Perhaps when I could have been pondering nobler pursuits, I have instead been asking myself: What is it about this highly repetitive game (“Rock, paper, scissors, shoot! Rock, paper, scissors, shoot!”) that lends itself to such welcome repetition? The answer, I’ve decided, is larger than simply immediate gratification or the apparent thrill of saying “shoot” over and over. RPS is the perfect game of chance. Rock trumps scissors trumps paper trumps rock. (Those are all the Trumps you’ll get out of me.) It’s an equilateral triangle—a closed system, if you will–where each opponent has an equal shot at winning and losing. (Apparently, this is not strictly true, as some professional players—yup, they exist—are able to “recognize and exploit unconscious patterns in their opponents’ play.”) « Read the rest of this entry »
February 2, 2017 § 1 Comment
Robert Frost wrote, “If we couldn’t laugh we would all go insane.” Given the headlines of the past two weeks, it’s getting increasingly difficult to laugh at ourselves. Thankfully, we can turn to literature and art to restore our sanity.
When it comes to choosing reading (or television) material, my husband is fond of reminding me that he “only wants a laugh.” Such proclivity doesn’t exist in me. True to form, I began January by losing myself in Adam Haslett’s devastating (if devastatingly beautiful) novel, Imagine Me Gone, where at one point a manic-depressive father sits across from his recently teenaged son and laments silently, “If I ever had the care of his soul, I don’t anymore.” I couldn’t look at my own (rapidly-aging) children for the rest of the day without crying—much less handle reading the news—so I traded in that book for Tina Fey’s performance of Bossypants, which I listened to for the next two weeks in the car. Doubling over the steering wheel in convulsive laughter feels like more appropriate self-care for the times.
Interjecting giggles into our family life came more easily with John Patrick Green’s Hippopotamister. « Read the rest of this entry »
January 12, 2017 § 4 Comments
Back when my children were nearing three and six years old, I started a family tradition which might be considered creatively brilliant or utterly insane. You can be the judge. This was during a time when my daughter liked to pretend she was a dog during mealtimes, bowing her chin to her food and licking her plate. I can’t remember what my son was doing across the table, because I’ve evidently blocked it out. What I do know is that no pontification on the importance of table manners seemed to make a speck of difference.
And so, one evening, I announced to my children (and my skeptical husband) that, once per season, we were going to have Bad Manners Dinner, whereupon everyone at the table could eat with wild abandon.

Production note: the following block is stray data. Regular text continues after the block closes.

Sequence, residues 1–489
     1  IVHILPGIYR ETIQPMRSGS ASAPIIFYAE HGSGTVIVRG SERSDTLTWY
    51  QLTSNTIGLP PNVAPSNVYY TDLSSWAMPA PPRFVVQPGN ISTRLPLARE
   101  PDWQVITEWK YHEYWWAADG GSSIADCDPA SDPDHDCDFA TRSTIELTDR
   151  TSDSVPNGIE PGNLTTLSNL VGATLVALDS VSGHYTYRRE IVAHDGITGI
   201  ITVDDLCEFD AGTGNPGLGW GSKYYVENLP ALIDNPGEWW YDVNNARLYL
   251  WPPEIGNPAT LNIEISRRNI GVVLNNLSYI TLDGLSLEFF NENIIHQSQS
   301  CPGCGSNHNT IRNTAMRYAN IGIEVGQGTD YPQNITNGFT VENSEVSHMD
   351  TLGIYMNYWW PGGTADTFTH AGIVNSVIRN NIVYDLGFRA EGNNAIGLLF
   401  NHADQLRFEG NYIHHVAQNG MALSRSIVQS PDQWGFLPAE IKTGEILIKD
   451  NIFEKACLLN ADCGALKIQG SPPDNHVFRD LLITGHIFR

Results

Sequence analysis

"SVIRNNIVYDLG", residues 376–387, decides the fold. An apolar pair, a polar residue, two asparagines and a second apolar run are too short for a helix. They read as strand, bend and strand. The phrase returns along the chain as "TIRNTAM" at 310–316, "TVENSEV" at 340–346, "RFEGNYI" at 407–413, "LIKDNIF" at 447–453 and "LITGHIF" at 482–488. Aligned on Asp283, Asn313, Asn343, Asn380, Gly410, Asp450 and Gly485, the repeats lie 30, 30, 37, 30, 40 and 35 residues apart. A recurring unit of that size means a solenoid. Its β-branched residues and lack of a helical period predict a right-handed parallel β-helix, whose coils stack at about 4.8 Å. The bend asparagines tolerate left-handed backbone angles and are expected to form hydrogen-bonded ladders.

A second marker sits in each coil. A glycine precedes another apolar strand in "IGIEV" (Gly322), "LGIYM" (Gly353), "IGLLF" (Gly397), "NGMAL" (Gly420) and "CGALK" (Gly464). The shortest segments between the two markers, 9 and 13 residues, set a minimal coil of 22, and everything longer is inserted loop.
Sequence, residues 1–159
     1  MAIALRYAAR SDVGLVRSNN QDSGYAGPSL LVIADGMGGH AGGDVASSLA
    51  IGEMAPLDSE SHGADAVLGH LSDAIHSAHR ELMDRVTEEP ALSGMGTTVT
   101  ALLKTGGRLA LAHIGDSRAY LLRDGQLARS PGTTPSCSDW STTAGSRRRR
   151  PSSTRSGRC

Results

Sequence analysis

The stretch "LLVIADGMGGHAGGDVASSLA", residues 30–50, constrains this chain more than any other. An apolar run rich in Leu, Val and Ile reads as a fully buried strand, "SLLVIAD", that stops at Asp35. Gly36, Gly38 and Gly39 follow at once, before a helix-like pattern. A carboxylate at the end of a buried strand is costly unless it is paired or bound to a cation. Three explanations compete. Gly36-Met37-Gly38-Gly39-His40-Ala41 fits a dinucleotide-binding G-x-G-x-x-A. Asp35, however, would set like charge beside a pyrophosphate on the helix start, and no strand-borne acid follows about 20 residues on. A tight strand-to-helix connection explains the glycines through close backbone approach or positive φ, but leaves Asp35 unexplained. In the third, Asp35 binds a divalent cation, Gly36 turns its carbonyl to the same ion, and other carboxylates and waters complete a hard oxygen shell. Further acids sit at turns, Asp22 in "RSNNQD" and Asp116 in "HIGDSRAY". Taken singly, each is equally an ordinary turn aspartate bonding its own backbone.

The only catch was that, during all the other days of the year, they had to show appropriate table manners. « Read the rest of this entry »
Gift Guide 2016 (No. 5): For the Girl with Gumption
December 15, 2016 § 2 Comments
Perhaps the most hopeful thing I’ve read on the Internet lately is BookRiot’s series of interviews with middle-grade authors regarding a renewed commitment—in response to the misogynistic rhetoric that seemed to win out in this past election—to writing strong female protagonists, of giving our daughters literary role models of persistence, resilience, compassion, and action. The future can only be bright if our girls see themselves as integral to every part of it. Or, in the more poetic words of Lindsay Egan, author of Hour of Bees (on my list to read):
“We writers are implored to write characters with goals, characters who want things, characters who act to move forward. But in light of the current political climate, I feel it’s a real imperative now for me to write female characters who do things. Girls who speak up, girls who defend others, girls who make mistakes and ask for forgiveness, girls who dream and think and work for the world they wish they had. Girls who don’t accept hate or unfairness and fight to make things better. Girls who sacrifice their own comforts for the safety of others. Girls who know that showing kindness is never weakness. Girls who DO things. The future is coming, and I want the girls of the future to remember that change is in their hands.”
How I Read My Kids the Riot Act
October 13, 2016 § 6 Comments
I’m not going to sugar coat it. The transition back to school has been rough for our family. I have never been so happy to see a month wrap up as I was when October dawned—and even then the grumpiness of September continued to encroach on us. Maybe it’s the sheer exhaustion of starting at a new school, of having to make new friends and navigate new expectations. Maybe it’s because we had a particularly lovely summer of togetherness. Maybe it’s because my kids are lazy little lie-abouts who, if left to their own devices, would probably never leave the house.